Tehran Prosecutor Goes on the Defensive Over Hunger-Striking Political Prisoners
In an apparent response to growing pressure to resolve the issue, Tehran Prosecutor Abbas Jafari Dowlatabadi has criticized media coverage of a wave of hunger strikes in Iran by political prisoners, as well as the request by a conservative member of Parliament for the Judiciary to review the case of Ali Shariati.
“Some in the media are blasting off every day about hunger strikes by national security prisoners and hurling accusations against the prosecutor’s office and the Judiciary,” he said, after veering into the topic while addressing deputy prosecutors on January 11, 2017. “Some officials are even defending these convicts without knowing about their case.”
“This is wrong and can be taken advantage of by the enemy,” he added, indirectly referencing western countries, especially the United States. “The same things being said by some of our officials about national security convicts are being repeated by some human rights organizations.”
“Currently, Mr. Ali Shariati, whose most important charge relates to his participation at a rally in front of Parliament to protest against acid attacks on women in Isfahan, has been on hunger strike for 65 days to protest his five-year prison sentence,” said conservative MP Ali Motahari on January 4, 2017, via his Instagram page. “I hope the Judiciary will also take a look into this case and resolve it wisely so that it won’t become an excuse for the enemies of the Islamic revolution to criticize us for human rights [violations].”
Shariati in Critical Condition
More than 70 days on hunger strike has left imprisoned civil rights activist Ali Shariati—who started refusing food the day he began his sentence in Evin Prison on October 31, 2016—in danger of losing his liver, according to the prison’s medical staff. His wife Motahare Parsi made the statement on January 11, 2017 via Twitter, adding that a day earlier Shariati had fainted in the prison’s clinic.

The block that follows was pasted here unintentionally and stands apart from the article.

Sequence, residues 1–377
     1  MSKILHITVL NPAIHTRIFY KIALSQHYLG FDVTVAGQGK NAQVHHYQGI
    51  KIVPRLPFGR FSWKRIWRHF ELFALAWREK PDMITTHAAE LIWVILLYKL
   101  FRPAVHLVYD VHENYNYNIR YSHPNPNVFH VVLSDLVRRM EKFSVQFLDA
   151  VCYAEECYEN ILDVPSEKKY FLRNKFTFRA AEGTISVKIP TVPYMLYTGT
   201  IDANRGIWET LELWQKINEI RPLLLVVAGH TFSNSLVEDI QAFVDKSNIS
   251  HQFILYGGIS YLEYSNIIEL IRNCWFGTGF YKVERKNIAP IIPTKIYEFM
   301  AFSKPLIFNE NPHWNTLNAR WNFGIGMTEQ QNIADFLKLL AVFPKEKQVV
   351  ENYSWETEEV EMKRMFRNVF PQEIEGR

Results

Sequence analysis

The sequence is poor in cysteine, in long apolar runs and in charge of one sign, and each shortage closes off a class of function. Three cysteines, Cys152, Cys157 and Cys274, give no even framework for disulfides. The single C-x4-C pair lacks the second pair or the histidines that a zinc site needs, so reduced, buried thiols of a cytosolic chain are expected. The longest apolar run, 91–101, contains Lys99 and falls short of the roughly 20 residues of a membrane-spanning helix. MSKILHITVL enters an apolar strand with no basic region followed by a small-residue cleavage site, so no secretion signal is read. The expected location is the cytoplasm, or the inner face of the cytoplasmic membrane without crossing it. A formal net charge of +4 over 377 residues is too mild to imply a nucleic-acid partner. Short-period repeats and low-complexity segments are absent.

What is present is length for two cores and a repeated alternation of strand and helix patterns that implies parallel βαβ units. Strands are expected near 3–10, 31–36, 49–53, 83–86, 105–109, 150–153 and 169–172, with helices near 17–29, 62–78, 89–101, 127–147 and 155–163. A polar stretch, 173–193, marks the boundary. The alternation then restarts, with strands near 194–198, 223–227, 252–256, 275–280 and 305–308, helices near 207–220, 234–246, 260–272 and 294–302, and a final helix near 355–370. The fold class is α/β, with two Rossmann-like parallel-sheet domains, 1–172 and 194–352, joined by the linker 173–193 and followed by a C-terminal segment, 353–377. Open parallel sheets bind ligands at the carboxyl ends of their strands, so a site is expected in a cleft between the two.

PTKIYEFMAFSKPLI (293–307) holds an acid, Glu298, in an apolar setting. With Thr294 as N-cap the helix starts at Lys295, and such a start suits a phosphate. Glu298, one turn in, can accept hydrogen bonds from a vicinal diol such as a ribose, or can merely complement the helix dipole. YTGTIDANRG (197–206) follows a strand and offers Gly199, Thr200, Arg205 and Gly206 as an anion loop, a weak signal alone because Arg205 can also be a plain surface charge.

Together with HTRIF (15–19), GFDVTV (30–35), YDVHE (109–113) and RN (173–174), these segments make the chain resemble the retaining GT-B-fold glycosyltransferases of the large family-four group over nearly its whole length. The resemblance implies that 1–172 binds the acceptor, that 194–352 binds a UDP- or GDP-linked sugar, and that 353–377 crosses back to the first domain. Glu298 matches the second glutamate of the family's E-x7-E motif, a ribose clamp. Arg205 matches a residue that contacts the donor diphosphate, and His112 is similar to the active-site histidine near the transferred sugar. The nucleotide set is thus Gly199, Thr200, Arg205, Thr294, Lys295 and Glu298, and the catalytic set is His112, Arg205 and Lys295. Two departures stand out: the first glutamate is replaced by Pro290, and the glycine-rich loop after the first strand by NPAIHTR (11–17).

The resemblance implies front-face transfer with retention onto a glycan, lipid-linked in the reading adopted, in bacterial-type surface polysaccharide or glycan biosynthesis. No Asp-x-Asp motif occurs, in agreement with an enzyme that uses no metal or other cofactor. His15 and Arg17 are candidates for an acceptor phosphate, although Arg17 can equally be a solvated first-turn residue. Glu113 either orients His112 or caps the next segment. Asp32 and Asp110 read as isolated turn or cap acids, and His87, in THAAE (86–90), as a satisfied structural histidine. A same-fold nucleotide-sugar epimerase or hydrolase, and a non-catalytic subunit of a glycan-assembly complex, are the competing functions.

After being attached to an IV and regaining consciousness, prison officials “wanted to forcefully take him to the hospital, but he refused,” said Parsi in another tweet.
Parsi added that her husband refused a request by prison officials to sign a document absolving them of any responsibility for the consequences of him not receiving hospital treatment.
Between January 4-6 thousands of people called for Shariati’s release on Twitter using the hashtags #SOSALI and #ALL4Ali.
Shariati, a long-time supporter of centrist President Hassan Rouhani, is demanding a review of his five-year prison sentence for “acting against national security by participating in a protest against acid attacks (on women) in front of [Parliament] on October 22, 2014.”
Two members of the European Parliament demanded the release of Shariati and Sadeghi on January 12, 2017.
This week a UN official also condemned the Iranian government for failing to prevent the hunger strikes by political prisoners with “no other option but to put their life at risk to contest the legality of their detention.”
“I call on Iranian authorities to ensure that Mr. Arash Sadeghi has access, as a matter of utmost priority, to specialized health care in a hospital outside prison, in compliance with international human rights standards and medical ethics in particular the principles of informed consent,” said the UN’s special rapporteur on the human rights situation in Iran, Asma Jahangir, on January 9, 2017, while urging the government to release all political prisoners.
In addition to Shariati, at least two other political prisoners are currently on hunger strike in Iran seeking access to basic rights.